Have you ever felt pressured to tip a restaurant much more than you were willing to leave? Know a place that requires a minimum tip? Not everyone likes this system and it has nothing to do with cheap.
The headlines are once again the scourge of our American tipping culture. This time it led to a lawsuit. Before we get into the story and how it relates to you, let’s think about something. How many of you are old enough to remember when the accepted tip was 15%? it is.
These days, most hardworking servers don’t even set minimum wages, so our tips understandably help support this. To reinforce this, some restaurants print suggestions on receipts for how much to tip. Some of you have seen them. They have been nominated as Guides for the 21st Century and look something like this:
22% = $9.90
20% = $9
15% = $6.75
For example, 15% is the norm for poor to fair service, 18-20% for average and 22% (25% for some companies) for excellent service. Marcel Goldman disputes a “recommended tip” exercise at Cheesecake Factory restaurants based on his experience with a $38.50 bill.
In his lawsuit, he claimed that $38.50 represented his share of the split bill, but the coupon proposal resulted in him tipping him 40%. This is because tip amounts are calculated based on the grand total and not their share.
Mr. Goldman received a receipt with a suggested tip between $11.50 and $16.94. He chose to give the recommended 20% discount, which is $15.40.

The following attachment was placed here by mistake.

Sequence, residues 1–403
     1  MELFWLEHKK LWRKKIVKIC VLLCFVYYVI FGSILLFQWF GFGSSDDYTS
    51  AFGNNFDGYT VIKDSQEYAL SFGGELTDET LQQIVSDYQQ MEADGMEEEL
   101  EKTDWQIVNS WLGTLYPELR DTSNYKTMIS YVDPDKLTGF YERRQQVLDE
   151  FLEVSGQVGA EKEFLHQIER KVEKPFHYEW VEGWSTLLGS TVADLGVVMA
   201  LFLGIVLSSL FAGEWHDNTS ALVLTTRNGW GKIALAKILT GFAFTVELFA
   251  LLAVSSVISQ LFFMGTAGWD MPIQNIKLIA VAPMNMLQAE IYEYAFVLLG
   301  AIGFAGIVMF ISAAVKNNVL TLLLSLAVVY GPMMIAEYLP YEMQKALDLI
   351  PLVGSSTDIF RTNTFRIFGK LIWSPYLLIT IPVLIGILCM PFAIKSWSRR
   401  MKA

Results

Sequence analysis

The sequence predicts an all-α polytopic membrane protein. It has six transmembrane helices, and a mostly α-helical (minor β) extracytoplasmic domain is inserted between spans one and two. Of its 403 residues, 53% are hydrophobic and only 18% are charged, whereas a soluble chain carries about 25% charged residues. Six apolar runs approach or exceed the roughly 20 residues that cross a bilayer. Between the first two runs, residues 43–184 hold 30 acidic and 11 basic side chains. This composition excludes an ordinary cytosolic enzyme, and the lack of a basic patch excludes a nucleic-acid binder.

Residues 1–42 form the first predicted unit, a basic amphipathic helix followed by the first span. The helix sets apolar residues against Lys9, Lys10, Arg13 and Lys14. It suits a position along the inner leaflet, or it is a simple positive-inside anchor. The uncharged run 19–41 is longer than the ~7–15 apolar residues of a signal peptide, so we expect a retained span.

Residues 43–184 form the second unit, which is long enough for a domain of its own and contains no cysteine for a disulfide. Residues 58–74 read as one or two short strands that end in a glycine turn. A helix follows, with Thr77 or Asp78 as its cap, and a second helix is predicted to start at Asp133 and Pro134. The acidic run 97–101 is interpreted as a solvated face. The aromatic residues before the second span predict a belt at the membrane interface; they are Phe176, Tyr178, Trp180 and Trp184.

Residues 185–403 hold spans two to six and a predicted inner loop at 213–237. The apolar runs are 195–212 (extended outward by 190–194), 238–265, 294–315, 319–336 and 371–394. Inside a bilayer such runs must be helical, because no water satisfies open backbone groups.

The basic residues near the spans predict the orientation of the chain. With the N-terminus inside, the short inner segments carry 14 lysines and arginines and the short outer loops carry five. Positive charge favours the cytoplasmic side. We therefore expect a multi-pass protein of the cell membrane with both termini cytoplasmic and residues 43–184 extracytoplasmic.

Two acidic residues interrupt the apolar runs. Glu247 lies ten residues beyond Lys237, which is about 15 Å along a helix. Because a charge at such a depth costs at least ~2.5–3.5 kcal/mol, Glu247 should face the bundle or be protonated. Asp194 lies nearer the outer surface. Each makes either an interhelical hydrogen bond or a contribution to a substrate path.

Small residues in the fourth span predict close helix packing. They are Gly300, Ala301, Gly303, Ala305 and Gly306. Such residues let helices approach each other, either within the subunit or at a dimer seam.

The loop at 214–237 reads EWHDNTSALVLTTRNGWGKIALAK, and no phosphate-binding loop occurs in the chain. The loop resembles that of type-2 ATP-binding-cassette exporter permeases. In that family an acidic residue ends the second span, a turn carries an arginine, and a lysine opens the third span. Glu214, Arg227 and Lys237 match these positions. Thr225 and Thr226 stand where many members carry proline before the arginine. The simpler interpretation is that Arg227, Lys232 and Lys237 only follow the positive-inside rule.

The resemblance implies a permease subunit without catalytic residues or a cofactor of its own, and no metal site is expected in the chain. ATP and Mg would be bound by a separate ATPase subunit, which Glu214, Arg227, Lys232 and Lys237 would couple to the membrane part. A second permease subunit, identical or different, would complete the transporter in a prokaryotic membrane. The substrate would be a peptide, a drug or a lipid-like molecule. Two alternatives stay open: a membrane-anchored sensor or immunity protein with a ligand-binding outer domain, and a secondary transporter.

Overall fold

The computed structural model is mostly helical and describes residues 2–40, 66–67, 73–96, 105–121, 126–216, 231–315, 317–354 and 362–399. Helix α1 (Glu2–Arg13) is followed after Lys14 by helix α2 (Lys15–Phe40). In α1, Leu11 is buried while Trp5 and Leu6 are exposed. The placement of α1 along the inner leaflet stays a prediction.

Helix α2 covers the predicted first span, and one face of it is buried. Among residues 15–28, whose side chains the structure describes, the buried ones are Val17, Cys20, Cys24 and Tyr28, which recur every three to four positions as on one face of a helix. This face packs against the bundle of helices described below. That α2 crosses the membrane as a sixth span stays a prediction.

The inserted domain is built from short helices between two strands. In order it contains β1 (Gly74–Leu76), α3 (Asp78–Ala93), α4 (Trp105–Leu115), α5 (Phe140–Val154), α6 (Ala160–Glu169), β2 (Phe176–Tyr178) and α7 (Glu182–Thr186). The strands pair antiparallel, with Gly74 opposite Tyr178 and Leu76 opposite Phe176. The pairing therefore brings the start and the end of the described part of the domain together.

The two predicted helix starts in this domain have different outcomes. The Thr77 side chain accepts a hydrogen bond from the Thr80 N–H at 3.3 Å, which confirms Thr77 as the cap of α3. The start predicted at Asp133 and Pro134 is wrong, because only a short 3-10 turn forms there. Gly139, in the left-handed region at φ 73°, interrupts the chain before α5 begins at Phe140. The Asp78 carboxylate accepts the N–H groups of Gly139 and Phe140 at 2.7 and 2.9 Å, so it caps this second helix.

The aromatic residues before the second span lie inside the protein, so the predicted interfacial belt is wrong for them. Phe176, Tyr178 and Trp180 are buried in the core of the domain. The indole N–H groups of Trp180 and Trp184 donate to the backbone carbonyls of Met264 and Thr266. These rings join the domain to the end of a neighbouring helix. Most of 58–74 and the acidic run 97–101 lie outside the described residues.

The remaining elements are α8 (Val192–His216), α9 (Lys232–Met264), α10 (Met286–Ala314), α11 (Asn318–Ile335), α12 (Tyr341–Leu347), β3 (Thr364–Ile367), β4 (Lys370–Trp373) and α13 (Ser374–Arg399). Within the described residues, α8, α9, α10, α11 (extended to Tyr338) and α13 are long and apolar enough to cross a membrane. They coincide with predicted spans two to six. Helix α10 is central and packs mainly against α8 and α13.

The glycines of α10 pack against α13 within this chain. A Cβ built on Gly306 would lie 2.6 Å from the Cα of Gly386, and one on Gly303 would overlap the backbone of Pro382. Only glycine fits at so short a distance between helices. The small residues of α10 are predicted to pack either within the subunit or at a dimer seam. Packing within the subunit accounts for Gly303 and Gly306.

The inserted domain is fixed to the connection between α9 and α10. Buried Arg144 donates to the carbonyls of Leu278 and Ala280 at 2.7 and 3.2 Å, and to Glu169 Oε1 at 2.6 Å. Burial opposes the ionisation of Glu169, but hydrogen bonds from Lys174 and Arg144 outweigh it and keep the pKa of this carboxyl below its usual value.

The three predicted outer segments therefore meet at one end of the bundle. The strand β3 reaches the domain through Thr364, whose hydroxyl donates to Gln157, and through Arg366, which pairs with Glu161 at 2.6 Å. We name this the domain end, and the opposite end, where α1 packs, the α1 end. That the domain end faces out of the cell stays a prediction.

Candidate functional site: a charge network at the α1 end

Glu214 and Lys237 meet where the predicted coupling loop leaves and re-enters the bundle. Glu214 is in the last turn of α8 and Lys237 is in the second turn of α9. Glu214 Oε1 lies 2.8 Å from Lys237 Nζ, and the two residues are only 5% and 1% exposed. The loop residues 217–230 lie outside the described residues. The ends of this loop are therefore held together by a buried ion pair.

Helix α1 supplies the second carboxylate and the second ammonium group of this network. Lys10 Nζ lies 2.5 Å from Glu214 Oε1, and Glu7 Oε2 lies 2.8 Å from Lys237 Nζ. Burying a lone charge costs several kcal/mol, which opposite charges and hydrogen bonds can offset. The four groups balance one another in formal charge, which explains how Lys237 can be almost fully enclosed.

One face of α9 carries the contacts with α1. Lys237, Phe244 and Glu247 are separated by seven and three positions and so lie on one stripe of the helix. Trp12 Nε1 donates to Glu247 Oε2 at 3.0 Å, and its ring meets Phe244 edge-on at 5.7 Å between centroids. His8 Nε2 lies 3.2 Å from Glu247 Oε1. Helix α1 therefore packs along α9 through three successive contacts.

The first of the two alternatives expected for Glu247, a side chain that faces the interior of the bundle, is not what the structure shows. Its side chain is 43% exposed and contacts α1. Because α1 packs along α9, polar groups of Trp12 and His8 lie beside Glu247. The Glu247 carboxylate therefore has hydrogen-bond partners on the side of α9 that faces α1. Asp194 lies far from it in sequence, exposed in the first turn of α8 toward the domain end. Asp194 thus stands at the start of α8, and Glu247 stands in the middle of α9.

you do the math What is 20% of $38.50? mm hair. $7.70. The amount has doubled! The case was filed as a class action to address the issue across the chain. Listen to the video to hear the restaurant’s response to the practice.
As this story gained more attention, others have noticed similar practices. Things get tricky when restaurant accounts are disabled. very far.
Many people take the recommended receipt tip right in front of them and are happy to pay for it. It saves time banging on your phone to calculate or calculate in your head. Or just join because you appreciate the server. Just look at this example posted on social media:
If you’re relying on printed suggestions rather than your math skills, it may be time for a change. While it’s up to you what percentage you want to use, run the numbers yourself.
Be careful when splitting the bill so that not everyone ends up paying double the recommended amount. It could end up costing another meal!
If you choose to waive a credit card tip, make sure to put a line in the tip box on your receipt so that no one can tip and bill you for it. Sorry, it’s a beautiful world we live in.
Do you trade with the suggested tips or do you calculate yourself? How about tips? Have you noticed bad math in some restaurants?